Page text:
The Cinema Theatre Association has joined the battle to save The Point from demolition.
They say they are "gravely concerned" that the iconic pyramid building will be lost and they describe it as a "stunning visual asset" for Milton Keynes.
The association is urging The Point's new owners Galliard Homes, who bought the site in January, to keep the original structure and build their planned housing development behind it.
New high quality clothing store to open at Central Milton Keynes
NHS consultant ordered to demolish part of his massive house in Milton Keynes submits plans to make it even BIGGER
Homes needed for very special puppies in Milton Keynes
Two ordinary houses used as 6 bedroom HMOs are recommended for council approval on Milton Keynes estate
Milton Keynes primary described as 'vibrant place of learning' by Ofsted inspectors
Currently Galliard, working with joint venture partner DS Real Estate, hope to demolish the pyramid and build £150m worth of housing and commercial or leisure facilities on the site. They aim to submit a planning application later this year.
A previous move to develop the area for housing failed. Former owners Hammerson were given planning consent back in 2014 but last year, with no work completed, the permission expired and Hammerson put the site up for sale.
This week the battle to save The Point was given fresh impetus by the Cinema Theatre Association (CTA), which for the protection of traditional cinema buildings.
Its casework chairman Richard Gray said: “The Point is overwhelmingly worth saving. Not only is it a stunning visual asset for Milton Keynes, but as Britain's first American style multiplex, it's a building of huge historical and architectural importance."
He added: “When it opened the Point was a futuristic structure and a tremendously brave venture. The year
before it opened national film attendances had reached an all low time of 54 million following years of chronic underinvestment in our traditional cinemas.
"Within a year of opening admissions at The Point had exceeded all expectations and its inception inspired a revival in cinema going. It's conservation can not and must not be underestimated.”
Currently local charity Return MK occupies The Point, where it does "vital work" for disadvantaged young people, says the CTA.
Peter Wylde, CTA's architectural caseworker, said: “The importance of the Point in regard to the work which Return MK do is another reason why this iconic building should be saved. They offer education, training and a safe place for marginalised teenagers who have often been excluded from school."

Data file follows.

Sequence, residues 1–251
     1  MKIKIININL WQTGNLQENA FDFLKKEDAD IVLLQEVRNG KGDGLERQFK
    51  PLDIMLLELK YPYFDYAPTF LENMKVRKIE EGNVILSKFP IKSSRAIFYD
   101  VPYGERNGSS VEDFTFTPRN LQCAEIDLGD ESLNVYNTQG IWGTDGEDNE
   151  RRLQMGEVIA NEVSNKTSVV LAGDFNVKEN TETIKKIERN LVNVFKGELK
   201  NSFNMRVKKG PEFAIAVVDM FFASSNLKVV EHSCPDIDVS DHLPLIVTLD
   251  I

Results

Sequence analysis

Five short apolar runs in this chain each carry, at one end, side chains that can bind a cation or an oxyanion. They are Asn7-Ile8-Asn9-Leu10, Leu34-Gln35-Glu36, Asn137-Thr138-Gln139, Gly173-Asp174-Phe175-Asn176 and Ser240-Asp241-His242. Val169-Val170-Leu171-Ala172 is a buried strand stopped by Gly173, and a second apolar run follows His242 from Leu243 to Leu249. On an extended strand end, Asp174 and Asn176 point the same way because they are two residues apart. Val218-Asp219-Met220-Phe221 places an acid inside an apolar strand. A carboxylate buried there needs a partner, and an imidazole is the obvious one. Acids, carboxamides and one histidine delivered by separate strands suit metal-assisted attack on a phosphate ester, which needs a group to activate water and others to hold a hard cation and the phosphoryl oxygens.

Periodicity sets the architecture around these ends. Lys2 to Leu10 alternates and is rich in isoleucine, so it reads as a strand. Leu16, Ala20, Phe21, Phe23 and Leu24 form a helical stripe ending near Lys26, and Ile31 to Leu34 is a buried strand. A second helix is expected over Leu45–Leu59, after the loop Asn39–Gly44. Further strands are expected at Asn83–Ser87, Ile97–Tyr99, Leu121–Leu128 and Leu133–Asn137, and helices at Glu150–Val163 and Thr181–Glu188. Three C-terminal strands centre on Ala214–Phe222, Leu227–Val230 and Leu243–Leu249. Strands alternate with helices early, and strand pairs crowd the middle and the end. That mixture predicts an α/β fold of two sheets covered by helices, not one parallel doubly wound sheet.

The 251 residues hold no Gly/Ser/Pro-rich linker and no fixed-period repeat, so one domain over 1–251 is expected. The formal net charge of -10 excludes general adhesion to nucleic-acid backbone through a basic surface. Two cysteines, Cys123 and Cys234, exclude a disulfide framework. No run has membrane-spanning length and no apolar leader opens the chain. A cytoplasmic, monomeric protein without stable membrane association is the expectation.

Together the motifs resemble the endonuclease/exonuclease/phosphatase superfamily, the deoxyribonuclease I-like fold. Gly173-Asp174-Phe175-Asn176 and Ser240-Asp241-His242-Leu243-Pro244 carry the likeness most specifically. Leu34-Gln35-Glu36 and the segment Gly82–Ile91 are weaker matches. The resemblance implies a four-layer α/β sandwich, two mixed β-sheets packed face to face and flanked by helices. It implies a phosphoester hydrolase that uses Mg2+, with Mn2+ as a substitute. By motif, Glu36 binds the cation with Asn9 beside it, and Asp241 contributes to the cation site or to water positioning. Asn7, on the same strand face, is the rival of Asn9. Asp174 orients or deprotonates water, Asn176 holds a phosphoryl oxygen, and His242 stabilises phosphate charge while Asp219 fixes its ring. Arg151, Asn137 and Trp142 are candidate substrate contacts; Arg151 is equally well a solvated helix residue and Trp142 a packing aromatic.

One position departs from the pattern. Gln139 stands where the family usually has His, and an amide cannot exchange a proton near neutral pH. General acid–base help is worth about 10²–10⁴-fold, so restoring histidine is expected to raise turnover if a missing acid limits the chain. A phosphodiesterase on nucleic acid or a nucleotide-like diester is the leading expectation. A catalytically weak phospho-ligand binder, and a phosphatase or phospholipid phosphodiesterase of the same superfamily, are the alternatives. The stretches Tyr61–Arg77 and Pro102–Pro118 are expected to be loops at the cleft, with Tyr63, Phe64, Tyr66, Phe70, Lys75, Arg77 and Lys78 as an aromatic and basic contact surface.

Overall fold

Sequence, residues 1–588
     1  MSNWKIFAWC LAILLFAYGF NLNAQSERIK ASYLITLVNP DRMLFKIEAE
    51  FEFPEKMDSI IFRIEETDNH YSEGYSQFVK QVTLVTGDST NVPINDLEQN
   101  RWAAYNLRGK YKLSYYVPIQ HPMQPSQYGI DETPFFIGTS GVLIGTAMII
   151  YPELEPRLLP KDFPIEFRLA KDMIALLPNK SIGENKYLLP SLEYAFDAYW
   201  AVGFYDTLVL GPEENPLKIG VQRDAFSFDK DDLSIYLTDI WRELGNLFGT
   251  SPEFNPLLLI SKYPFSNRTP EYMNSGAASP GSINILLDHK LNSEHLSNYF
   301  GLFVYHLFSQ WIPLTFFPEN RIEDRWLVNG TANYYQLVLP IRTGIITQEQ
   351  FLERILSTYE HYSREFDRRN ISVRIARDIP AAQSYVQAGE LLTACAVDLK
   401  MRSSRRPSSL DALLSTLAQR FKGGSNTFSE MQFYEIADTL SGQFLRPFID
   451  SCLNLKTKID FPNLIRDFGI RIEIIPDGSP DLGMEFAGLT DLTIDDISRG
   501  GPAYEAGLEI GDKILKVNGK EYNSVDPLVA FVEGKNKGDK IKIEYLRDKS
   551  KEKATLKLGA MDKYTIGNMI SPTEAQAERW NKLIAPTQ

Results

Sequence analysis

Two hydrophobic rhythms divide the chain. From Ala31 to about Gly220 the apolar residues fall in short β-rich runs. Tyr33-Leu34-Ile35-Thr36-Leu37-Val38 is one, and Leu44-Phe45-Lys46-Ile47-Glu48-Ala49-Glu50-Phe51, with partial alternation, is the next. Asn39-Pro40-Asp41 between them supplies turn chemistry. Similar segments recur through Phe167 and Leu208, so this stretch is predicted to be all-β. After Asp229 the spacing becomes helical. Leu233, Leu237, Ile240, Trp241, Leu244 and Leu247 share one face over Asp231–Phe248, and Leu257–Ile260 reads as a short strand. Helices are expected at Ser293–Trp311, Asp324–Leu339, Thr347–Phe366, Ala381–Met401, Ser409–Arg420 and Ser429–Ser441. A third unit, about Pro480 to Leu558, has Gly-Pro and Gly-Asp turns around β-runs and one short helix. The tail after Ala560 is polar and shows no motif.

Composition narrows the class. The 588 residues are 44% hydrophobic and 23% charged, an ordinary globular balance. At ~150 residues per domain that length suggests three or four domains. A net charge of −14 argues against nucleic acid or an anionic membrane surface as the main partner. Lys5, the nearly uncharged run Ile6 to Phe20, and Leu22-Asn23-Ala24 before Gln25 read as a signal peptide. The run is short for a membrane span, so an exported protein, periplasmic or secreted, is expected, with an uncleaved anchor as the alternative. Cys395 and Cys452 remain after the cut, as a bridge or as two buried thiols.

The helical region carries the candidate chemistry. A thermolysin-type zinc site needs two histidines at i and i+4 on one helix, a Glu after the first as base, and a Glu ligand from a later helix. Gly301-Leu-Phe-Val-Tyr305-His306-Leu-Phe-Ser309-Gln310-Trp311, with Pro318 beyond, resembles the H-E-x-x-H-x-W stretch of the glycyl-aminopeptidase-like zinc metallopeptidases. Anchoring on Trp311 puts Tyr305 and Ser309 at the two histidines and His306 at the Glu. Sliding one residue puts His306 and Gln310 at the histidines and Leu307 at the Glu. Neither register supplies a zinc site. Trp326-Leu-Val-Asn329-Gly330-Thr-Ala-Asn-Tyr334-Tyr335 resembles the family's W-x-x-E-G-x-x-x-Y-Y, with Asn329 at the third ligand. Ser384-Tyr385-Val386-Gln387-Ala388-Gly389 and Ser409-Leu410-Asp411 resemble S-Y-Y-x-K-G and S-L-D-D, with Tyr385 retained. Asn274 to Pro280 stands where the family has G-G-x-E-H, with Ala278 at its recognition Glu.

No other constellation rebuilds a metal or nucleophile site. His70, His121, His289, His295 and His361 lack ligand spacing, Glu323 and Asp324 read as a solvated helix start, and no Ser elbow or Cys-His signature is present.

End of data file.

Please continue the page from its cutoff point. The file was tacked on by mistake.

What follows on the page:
He added: “Return MK wish to remain in the Pyramid and could easily do so if Galliard pursue their aims by
redeveloping the other two-thirds of the site. This is perfectly feasible as Milton Keynes Local Plan clearly specifies that all developments must be 'mixed use' and with some degree of community benefit."
“With that particular viewpoint in mind, we urge the council to ensure the Point pyramid is kept
while Galliard redevelop the rear of the site.”
Jason Lawrence, founder Return MK, agrees with the CTA. He adds: “The Point has always been
the focal point of Milton Keynes. It has been our home for some years, and without it we could not
have connected with the troubled, disengaged generation we find today.
“With a huge increase in knife crime and lack of resources, keeping The Point has never been more important. We are an escape or sanctuary from the troubles these very young people face. The point is a beacon of light and hope for Milton Keynes and its community. There's a point to saving The Point!”
This is the timeline for The Point:
1985 - AMC Theatres open AMC The Point 10. It's the first purpose built multiplex cinema to be built in the UK. It has 10 screens, each seating 200 patrons, and costs £7.5 million. The architects are The Building Design Partnership and the interior designer is Neil Tibbatts. It transforms cinema going in the UK
1986 - Admissions for the first year total 1,050,000. It's more than any UK cinema has achieved in 15 years.
1989 - AMC Theatres sells its UK cinemas to UCI
1991 - The Point hosts the UK Premiere of Harrison Ford's Presumed Innocent.
2003 - The cinema is renamed easyCinema.com after UCI rents the cinema to the easyGroup.
2006 - In May the cinema becomes an Odeon.
2014 - The Point's owners, Hammerson, are given consent to demolish and redevelop the entertainment complex.
2015 - On February 26 the The Point/Odeon closes.
2021 - Planning permission expires and Hammerson put the site up for sale. A five year certificate of Immunity from Listing is granted.
2022 - Galliard Homes buy the site and along with joint venture partner DS Real Estate, submit a planning application to build a mixed development on the site.